(Originally written following the June 3-5 event at Watkins Glen for publication in a leading motorsports magazine.)
If you don’t like Watkins Glen, your soul is cold. The Glen is a virtual cathedral of speed and grace set in New York’s picturesque wine country. The view from the paddock is like a postcard as 38 mile long Seneca Lake marches off to the north. This is where road racing began in the U.S.You can feel it.
The F2000 Series and the F1600 Formula F Series were support events at the June 3-5 Grand Am Rolex at the Glen. The main paddock was jammed with racecars with fenders -primed to contest the steady pace of endurance events: the Rolex would go 6 hours on Saturday while the Continental Tire Series would run 2 ½ hours on Friday.
In the open wheel paddock, they marched to a different drum. More in keeping with the memories of Jimmy Clark and Gilles Villeneuve, the two open wheel classes prepared their formula cars for the pure warfare of old. Neither pit strategy, nor fuel conservation would likely determine who won these races. And you wouldn’t need a public address system to tell who was in front. In both these formula car series, it is full on from the green. The car with the best set up and the fastest driver wins. What a concept.
Each race weekend features two qualifying session and two races. Serious steps have been taken to control costs.
They run stellar venues - the F2000 schedule includes: VIR, Road Atlanta, Watkins Glen, Mid Ohio, Mosport, Lime Rock and back to the Glen. In this inaugural year for F1600, the FF brigade will join in at VIR, Watkins Glen, Mid Ohio, Lime Rock and back to the Glen. If you now race a Formula Continental or a Formula F, you can run these events with only minor changes. You can find more information at: www.f2000championshipseries.com and www.f1600championshipseries.com.
For a while it seemed that open wheel cars were going the way of the Mohicans. But the resurgence of interest in the Indy 500 and the continuing success of F1 demonstrate that formula car racing is alive and well and for good reason. Just stand at the fence at the Inner Loop at the end of the back straight. They call it the Bus Stop but they’re not stopping for anybody. Watching these lightweight, spindly single seaters storm through the chicane is simply breath taking. The high speed controlled abrupt changes of direction seem at first to be an illusion, like some sort of a magic trick being played on your eyes. But they do it lap after lap and they make a believer out of you. Some do it better than others.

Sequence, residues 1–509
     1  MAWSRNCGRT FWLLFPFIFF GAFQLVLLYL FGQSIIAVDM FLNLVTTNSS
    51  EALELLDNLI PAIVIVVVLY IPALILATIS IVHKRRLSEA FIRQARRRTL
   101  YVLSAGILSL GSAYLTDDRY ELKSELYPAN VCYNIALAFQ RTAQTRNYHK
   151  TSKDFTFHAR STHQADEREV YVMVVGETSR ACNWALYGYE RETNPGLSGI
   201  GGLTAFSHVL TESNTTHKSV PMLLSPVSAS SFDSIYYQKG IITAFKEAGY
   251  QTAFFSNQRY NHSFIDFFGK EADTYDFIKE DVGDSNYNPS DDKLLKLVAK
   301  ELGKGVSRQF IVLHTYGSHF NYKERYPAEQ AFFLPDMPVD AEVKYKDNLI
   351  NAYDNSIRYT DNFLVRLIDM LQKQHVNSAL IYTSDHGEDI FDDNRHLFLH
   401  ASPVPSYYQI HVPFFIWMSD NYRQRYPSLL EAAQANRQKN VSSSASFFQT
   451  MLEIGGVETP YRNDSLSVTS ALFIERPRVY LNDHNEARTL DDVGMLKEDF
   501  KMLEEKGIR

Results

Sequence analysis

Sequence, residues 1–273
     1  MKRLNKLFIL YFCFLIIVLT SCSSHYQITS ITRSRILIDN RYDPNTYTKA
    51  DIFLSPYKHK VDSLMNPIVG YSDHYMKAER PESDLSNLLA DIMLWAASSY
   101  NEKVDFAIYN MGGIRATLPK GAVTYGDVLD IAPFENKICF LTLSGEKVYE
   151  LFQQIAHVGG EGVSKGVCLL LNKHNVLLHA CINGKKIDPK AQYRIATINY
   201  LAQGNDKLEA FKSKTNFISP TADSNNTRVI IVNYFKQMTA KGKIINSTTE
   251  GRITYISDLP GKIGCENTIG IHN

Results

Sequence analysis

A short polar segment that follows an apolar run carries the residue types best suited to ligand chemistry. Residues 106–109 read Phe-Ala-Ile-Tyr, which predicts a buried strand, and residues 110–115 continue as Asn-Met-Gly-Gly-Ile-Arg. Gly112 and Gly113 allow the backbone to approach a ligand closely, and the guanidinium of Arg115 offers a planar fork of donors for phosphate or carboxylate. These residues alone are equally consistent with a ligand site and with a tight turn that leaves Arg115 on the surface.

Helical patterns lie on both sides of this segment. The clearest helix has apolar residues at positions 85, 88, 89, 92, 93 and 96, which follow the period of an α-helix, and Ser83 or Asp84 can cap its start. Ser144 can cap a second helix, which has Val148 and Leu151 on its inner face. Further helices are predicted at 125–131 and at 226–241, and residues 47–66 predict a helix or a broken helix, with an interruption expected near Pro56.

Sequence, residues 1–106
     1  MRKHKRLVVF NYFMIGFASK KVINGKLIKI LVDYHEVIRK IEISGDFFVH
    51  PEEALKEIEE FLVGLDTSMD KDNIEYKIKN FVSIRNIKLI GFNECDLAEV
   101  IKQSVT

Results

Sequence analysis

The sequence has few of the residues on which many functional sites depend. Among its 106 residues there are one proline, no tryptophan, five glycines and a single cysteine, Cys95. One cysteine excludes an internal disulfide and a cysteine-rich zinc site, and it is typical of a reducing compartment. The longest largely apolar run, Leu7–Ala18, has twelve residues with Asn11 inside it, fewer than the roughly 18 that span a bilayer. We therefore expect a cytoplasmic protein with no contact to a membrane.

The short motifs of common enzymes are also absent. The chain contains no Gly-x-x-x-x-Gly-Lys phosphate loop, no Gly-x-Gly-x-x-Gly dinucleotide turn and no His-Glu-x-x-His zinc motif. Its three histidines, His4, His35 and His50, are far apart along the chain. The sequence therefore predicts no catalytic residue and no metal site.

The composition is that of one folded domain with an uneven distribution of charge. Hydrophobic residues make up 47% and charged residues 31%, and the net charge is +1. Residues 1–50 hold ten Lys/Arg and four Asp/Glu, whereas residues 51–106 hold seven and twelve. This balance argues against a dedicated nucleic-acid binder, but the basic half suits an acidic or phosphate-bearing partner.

In F2000, it was a Remy Audette two-step. He was first or second on virtually every practice and qualifying sheet throughout the event. More importantly, his fluorescent orange and blue Van Diemen was in front when it mattered. The man from Montreal would patiently stalk other leaders, wait to make his move, pounce and pull away. Young guns Chris Livengood(Saturday Pole) and Kyle Connery(Sunday Pole and a new lap record on Saturday), as well as Master Class ace Tim Minor, pushed Audette hard but could not best the cool, composed French-Canadian. To twice finish atop the leader board in an international field of 33 drivers including an Australian, three Venezuelans, two Brazilians, as well a strong contingent of U.S. drivers, was no mean feat. After 6 of 14 races, Audette has a 67 point lead over Kyle Connery in the F2000 Championship as they head into Mid Ohio on July 1-2.
Tim Minor, who finished third on Sunday, exemplifies the hard core racer’s take on the series. The auto repair shop owner from Northern Virginia is in his fifth year in the series and thrives in the F2000 Championship environment. “We have a spec Hoosier tire and you are limited to 6 per weekend. The engines go for years instead of days, and we get a terrific amount of track time. And we are on track only with cars in our class. I really love it. We have a great group of drivers, we run great tracks and we have officials who listen to the competitors.”
In F1600, Bill Valet’s Swift battled with Tim Kautz’s Piper both days and each gained a win.In Saturday’s race Valet and Kautz pulled away from 25 other cars and though Kautz stalked the leader seriously toward the end, Valet held his ground for a hard earned win.
Sunday was hardly so straightforward.For openers, Valet crashed in qualifying,taking off both right side corners, crumpling the exhaust and chewing up the rear bodywork. His engineer, Eric Langbein, had an hour and a half to get all the pieces back together again. Luckily Valet had a bunch of school buddies up from Lehigh University and their fire drill worked out, by the skin of their teeth. Langbein said that without a five minute delay for track clean up, they would not have made it. They not only made the race, they nearly won it.
Valet started 5th but took the lead on lap one when Kautz went off at the Bus Stop. Suitably motivated, Kautz, now in 11thplace, put his head down for what the track announcer would refer to as “the drive of his life.” Up front Valet dueled with a dodgy car as well as 17 year old talent,Colin Thompson, whose Swift/Honda was on pace. At first they pulled away but Valet spun at the Bus Stop and Colin spun to avoid him. Valet got going straight away but Colin was facing traffic. Meanwhile Kautz was entering the picture and was able to get by for the win. Valet’s duct tape special held on for a remarkable second place in a drive twice as courageous as his Saturday win.